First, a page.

The bulb is dug up in autumn, divided into four parts, the center being cut out as being
inert, and the remainder being cut into thin slices, which are quickly dried by a gentle
heat. It is imported from Malta and other Mediterranean ports; also from St. Peters-
burg and Copenhagen. The dried slices are white or yellowish white, slightlv translu-
cent, scentless, disagreeably bitter, brittle and easily pulverizable if very dry. The
chemical composition of Squill is not accurately known, its most active principle being
a very acrid, poisonous, resiuoid substance, soluble in alcohol, but not in ether. What-
ever its ac;ive ingredients may be, they are taken up by alcohol, vinegar, and the dilute
acids. This medicine is prescribed as a diuretic and expectorant, and occasionally as
an emetic; but it must be recollected that in moderately large doses it acts as anarcotico-
irritant poison, 24 grains having proved fatal. When given as a diuretic, it is usually
prescribed in combination with digitalis and calomel, when it seldom fails to produce ail
increased secretion of urine, while at the same time it promotes the absorption of the
effused fluid in the dropsy, which is generally present when diuretics are ordered. Its
use is counter-indicated if inflammatory symptoms are present. Its dose MS a diuretic is
from one to three grains of the powdered' bulb, or about twenty minims of the tincture.
As an expectorant, it is much employed in the subacute stages and chronic forms of
pulmonary affections, and is very serviceable in bronchitis and pneumonia of children.
From its property of promoting the secretion of mucus, it gives relief by facilitating the
expectoration in cases of asthma, etc., in which the sputa arc viscid. In these cas >. it
is usually associated with some of the more stimulating expectorants, as ^-nepi r
sesquicarbonate of ammonia. As an expectorant, the <io.e of the powdered squill
should not exceed one grain, repeated several times daily. For children, the syrup, in
doses of from 10 to 30 minims, may be given. As its action as an emetic is uncertain,
it .should not be prescribed with the view of inducing vomiting if other and more certain
remedies are at hand.



SQUILLA, a genus of crustaceans, of the order stomajwda, the type of a family,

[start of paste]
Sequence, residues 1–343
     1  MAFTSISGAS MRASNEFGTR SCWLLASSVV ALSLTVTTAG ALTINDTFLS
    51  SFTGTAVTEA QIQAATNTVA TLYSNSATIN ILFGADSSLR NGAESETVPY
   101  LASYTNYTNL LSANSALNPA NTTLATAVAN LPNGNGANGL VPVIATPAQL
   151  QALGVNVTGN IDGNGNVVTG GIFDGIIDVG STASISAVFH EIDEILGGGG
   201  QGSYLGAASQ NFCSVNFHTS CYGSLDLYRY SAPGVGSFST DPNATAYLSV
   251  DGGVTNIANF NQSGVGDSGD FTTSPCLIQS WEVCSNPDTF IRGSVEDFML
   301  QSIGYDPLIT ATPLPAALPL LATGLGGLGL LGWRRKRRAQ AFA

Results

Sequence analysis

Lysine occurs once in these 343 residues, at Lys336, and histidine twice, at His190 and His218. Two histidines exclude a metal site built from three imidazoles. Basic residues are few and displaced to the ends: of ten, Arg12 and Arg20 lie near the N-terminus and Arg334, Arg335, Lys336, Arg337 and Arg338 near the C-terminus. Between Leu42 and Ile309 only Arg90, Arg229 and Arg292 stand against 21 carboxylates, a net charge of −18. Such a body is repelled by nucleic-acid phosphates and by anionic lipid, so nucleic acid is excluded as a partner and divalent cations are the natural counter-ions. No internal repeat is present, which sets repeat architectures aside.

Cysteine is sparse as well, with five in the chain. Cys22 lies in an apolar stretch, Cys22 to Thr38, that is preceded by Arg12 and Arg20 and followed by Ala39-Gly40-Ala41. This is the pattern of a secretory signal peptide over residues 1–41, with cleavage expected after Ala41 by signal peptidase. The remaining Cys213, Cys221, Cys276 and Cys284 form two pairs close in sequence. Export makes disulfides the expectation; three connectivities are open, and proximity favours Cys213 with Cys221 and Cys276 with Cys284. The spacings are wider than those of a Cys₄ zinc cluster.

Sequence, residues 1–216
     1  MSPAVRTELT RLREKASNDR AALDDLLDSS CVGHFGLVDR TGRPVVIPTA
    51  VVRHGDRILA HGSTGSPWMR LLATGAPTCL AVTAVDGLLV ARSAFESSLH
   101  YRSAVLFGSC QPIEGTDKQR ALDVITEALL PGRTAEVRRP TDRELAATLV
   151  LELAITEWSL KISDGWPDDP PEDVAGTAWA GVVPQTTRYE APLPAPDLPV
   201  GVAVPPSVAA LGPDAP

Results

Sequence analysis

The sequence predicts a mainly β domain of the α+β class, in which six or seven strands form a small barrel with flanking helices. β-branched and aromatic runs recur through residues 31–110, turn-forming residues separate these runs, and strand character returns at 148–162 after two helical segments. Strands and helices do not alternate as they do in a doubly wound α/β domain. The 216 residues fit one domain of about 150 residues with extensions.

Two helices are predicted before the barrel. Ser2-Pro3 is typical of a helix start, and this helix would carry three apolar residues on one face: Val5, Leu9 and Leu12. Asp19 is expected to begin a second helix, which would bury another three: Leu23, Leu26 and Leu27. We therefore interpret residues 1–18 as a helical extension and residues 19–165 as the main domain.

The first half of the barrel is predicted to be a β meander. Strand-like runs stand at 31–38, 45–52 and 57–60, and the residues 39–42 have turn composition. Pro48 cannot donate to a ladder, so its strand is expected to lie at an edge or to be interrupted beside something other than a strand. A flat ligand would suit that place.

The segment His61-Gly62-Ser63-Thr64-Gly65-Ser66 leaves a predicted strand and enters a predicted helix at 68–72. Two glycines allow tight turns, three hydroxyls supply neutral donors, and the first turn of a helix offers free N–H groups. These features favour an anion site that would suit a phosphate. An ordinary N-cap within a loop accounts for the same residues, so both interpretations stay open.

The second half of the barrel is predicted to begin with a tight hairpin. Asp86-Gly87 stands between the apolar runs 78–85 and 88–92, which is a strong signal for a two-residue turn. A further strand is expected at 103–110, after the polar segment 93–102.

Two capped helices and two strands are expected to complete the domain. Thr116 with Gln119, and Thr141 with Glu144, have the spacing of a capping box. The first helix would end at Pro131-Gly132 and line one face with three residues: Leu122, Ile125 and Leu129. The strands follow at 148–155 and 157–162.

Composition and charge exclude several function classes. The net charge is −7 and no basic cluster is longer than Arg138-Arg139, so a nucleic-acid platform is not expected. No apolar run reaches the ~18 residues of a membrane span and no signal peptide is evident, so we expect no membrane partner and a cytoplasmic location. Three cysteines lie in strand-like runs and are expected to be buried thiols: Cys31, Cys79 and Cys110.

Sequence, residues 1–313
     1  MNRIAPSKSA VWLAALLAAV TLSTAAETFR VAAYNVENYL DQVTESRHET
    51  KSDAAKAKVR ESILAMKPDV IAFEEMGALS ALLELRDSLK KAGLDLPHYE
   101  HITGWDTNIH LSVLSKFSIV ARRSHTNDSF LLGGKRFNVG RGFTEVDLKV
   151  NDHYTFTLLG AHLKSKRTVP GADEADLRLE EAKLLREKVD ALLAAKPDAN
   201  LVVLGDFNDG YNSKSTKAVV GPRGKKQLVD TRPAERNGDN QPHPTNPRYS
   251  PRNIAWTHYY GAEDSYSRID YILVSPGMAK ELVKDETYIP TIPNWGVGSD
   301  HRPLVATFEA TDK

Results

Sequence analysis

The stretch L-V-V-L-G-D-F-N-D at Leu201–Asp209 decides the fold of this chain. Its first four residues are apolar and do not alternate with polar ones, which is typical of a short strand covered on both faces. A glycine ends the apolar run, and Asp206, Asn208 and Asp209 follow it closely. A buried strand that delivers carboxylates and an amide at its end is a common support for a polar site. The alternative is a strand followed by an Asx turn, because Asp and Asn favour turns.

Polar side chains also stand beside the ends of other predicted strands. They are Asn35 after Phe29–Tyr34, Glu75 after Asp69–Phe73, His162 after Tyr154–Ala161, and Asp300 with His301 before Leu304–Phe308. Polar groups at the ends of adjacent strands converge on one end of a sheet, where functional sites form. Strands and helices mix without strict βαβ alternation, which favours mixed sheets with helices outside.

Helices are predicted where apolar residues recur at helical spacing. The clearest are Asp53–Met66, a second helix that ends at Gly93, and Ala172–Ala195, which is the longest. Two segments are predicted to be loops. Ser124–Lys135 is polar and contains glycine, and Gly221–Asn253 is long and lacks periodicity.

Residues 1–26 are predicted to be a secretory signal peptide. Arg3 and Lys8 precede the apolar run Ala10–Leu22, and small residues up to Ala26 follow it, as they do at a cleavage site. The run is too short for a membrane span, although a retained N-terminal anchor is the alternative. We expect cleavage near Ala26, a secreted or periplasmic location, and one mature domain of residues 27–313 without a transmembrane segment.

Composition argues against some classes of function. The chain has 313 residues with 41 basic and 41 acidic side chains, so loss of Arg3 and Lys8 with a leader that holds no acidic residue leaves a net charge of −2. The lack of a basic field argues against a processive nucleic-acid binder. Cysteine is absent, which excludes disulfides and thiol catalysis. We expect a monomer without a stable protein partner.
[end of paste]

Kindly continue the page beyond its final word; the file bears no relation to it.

lida, to which the name mantis crab, mantis shrimp, and tua-manti^, are popularly given,



Squinch. >-~A

Sraddha.

from the strong general resemblance to the insects of the genus mantis (q.v.). The
form is elongated ; the carapace only covers the anterior part of the thorax, the tatter
part of which is formed of rings like the abdomen; the eyes are carried on stalks: the
claws are very large, and furnished with spines, forming powerful instruments of pre-
hension; the tail is expanded into a broad h'u. The species are numerous, and mostly
inhabit tropical seas. A species about 7 in. long, S. mantis, is found in the Mediter-
ranean. The squillce are extremely active, and very bold and voracious.

SQUINCH, small arches or corbelled courses across the angles of square towers, to
bring in the form to carry an octagonal spire, lantern, etc. See PENDEXTIVE.

SQUINTING, or STRABISMUS, is a well-known and common deformity, which may be
defined as a want of parallelism in the visual axes, when the patient endeavors to direct
both eyes to an object at the same time. The squint is said to be convergent when the
eye or eyes are directed toward the nose, and divergent when they are directed toward
the temple, and is termed single or double according as only one eye or both are displaced.
The divergent form is comparatively rare, except in consequence of a prolonged loss of
sight of one eye. The causes of this affection are various. Intestinal irritation, such as
the presence of worms, will often induce it slightly in children. In other cases it may
be traced to the temporary cerebral irritation produced by teething; and it is a very com-
mon symptom in hydroct-phalus and other serious head affections. ' Among other causes
are a want of equal normal visual power in both eyes, in extreme short sight; but from
extensive observation with the ophthalmoscope, Mr. Dixon, surgeon to the royal
ophthalmic hospital, Moot-fields, has come to the conclusion, that "in the great major-
ity of instances of confirmed squint existing in children, the optic nerves themselves are
ill-developed, being usually smaller than natural, of a more or less oval form, and of a
dusky color." Holmes's System of Surgery, vol. ii. p. 890. If the squint is only tempo-
rary, and possibly arises from intestinal irritation, the bowels must be well cleared out,
and tonics subsequently given. If it is due to some peculiarity in the visual focus of
the eyes, it may be removed by the judicious use of glasses. " In every case," says Mr.
Dixou, "a careful ophthalmoscopic examination is the first duty of the surgeon; and he
should also take ever}' possible care to ascertain that no organic disease exists in the
brain or orbital nerves; and that there is no tumor in the orbit, mechanically burdening